How to ace presentations in meetings
All kinds of organizations, no matter how big or small, call for clear and concise presentations during meetings. Businesses run on proposals, contracts, requirements and projects. All these things, to make sure are intact and well-understood, must be reviewed daily within a group of individuals. As a result, someone who is adept at persuasion and is creative enough is what a boss utmostly needs.
If this is already your forte, then for sure you have earned respect and confidence from your boss — that you can deliver tasks sweatless at any given time under the bright sun. But for those whose fluke is on the “for improvement” margin, maybe a little practice and a couple of cheat sheets can place them on the “approved” spot.
A good presentation, to succeed it, must put everything perfectly in it place
Ready the visuals
In any presentation, the first thing that draws the human mind closer to it is the visual aid. If you don’t have it, your ratings will surely fall through the cracks. And no one will patronize you for a perfunctory presentation. Always be prepared with the visuals. A good visual aid is something that’s creative and quickly catches the attention at first glance. You do not have to be too fancy with colors though. Calm ones will usually do the trick. Avoid using backgrounds that hurt the eyes. Try to seek a second eye on your work product.
Even though creativity is a talent that is obviously not inherent with everyone, you can be very resourceful about it. For instance, you can learn the standards of a powerpoint presentation from fonts sizes, to bullets and colors. It is also helpful to prepare a template for all your presentations so you can easily reuse it in the future.
Prepare and rehearse
All excellent presenters aren’t just born. They are made. What made them the way they are is that they are serious about putting things together before facing the audience. Remember the time when your classmate won an oration piece? This was because she practiced for days. Maybe she was just so good — or maybe she was just prepared! In any presentation, your queue card is your best friend. In my personal experience, it would look as though I wasn’t serious about the presentation that I just aced, but I was so ready about it back home. Sometimes, it would feel as though I gave a perfect response real time in oral recitations, but the truth is, I already had a whole bunch of keywords in my head before I even started my first sentence. You see, preparation is the key. If you have enough time, repeat on the things you might crack at. Remember that repetition is the key to learning.
Control your voice
In the presentation day, your voice is your medium for getting everyone’s attention. When in online meetings keep your voice a little sweet and polite. Because in internet meetings, your voice is what defines your attitude. It is quite different with face to face meetings, because you might sound a little sarcastic instead of sweet. Keep a cool strong voice, loud and distinct but not too shouty. You don’t want to annoy your audience. Be very clear with your words. It’s ok to mispronounce a word and say it clearly the second time. This is better than going through a long sentence without pausing only to confuse everyone.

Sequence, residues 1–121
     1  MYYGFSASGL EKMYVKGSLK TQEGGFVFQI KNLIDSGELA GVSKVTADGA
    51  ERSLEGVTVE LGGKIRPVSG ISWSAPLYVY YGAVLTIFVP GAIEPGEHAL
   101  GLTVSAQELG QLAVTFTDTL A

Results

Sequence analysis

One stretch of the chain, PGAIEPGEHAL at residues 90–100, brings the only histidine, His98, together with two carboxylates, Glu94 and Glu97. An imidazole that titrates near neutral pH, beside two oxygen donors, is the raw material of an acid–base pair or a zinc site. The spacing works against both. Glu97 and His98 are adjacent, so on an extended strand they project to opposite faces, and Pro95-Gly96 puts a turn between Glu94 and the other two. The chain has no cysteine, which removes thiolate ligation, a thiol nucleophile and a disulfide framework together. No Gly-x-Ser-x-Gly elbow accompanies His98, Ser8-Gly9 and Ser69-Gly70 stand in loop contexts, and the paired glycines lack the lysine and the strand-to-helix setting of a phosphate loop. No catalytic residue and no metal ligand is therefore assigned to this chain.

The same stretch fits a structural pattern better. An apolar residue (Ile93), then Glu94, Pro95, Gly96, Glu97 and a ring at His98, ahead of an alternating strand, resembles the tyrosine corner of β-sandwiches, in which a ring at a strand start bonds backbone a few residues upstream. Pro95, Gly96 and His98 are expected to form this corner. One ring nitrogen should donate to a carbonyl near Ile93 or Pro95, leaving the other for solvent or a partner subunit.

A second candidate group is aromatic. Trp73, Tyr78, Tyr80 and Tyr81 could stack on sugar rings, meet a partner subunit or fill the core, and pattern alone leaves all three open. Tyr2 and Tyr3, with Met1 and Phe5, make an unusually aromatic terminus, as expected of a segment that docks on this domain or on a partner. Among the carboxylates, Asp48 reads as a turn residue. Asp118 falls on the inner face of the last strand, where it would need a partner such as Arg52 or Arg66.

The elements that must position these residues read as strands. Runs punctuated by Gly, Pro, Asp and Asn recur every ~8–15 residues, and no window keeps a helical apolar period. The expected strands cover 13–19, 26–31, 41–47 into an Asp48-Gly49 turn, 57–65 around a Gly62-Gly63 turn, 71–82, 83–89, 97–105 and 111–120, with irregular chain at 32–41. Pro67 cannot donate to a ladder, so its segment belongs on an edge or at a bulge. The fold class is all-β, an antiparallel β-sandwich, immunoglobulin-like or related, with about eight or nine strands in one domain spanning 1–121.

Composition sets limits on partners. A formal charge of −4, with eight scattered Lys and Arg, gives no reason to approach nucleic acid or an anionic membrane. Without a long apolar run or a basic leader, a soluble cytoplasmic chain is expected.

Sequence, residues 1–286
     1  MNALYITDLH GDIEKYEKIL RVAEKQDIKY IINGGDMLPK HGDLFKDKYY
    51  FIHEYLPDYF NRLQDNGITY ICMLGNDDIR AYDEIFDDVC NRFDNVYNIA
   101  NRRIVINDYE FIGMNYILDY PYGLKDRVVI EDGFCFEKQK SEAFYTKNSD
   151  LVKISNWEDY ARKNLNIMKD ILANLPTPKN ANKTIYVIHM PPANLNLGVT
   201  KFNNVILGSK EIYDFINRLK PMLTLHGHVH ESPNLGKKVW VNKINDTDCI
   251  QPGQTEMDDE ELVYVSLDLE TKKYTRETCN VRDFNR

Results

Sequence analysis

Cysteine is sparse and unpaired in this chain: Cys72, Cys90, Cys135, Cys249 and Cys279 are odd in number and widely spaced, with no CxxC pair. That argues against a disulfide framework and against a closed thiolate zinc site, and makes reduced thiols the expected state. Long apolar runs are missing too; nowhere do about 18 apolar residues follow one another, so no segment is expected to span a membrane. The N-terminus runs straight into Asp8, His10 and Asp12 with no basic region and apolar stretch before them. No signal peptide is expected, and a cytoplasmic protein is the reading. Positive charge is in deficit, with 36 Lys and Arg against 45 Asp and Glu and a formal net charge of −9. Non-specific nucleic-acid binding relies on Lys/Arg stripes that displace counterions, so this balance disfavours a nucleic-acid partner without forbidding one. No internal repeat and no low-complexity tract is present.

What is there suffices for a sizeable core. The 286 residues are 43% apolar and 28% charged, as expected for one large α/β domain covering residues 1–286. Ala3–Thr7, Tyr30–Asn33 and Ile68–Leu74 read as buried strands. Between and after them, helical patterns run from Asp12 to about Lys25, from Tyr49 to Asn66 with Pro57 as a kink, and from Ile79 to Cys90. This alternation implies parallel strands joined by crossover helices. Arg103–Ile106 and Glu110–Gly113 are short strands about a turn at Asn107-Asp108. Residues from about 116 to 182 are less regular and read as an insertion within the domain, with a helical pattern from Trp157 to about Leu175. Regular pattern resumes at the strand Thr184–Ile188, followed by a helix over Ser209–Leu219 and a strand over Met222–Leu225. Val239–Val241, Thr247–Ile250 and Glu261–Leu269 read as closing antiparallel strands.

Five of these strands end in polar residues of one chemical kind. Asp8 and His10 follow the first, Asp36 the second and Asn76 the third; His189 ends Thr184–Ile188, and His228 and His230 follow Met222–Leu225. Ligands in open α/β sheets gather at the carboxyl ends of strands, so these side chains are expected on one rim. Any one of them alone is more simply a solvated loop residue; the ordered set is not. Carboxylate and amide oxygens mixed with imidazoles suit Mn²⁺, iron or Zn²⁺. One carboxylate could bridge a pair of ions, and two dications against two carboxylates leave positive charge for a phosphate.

Make eye contact
Eye contact is also an important way to reach to your audience. Always discuss in front of the people —you do not want to lose them in the process. Surely, acing presentations all the time requires a lot of practice and experience, but as long as you know the content of your presentation well enough, the last thing you can do is deliver it abruptly. If you have notes with you, avoid sticking your face to it all the time. Instead, get a clear view of the essential keywords, trace them in your memory, and then swiftly look at your audience like you are talking to them naturally. Avoid staring at just one person, be ordinary and move your head around to reach even the very end of the seats.
Watch your body language
Your body is your means to express yourself. Keep yourself faced to the audience while putting vigor on the most important topics. Avoid putting your hands in your pocket and do not follow those nasty habits of holding the ends of your shirt or biting your pen. Instead, use your body to turn to the screen and return to the audience characteristically, chinned up and straight, while moving your hands lightly, but not hysterically. If you see someone nodding, that means that they got your point, you can nod at them too to keep their attention. Just relax and keep your cool to minimize sweating if you do. By all means you must be prepared otherwise your nerve will wrack you first.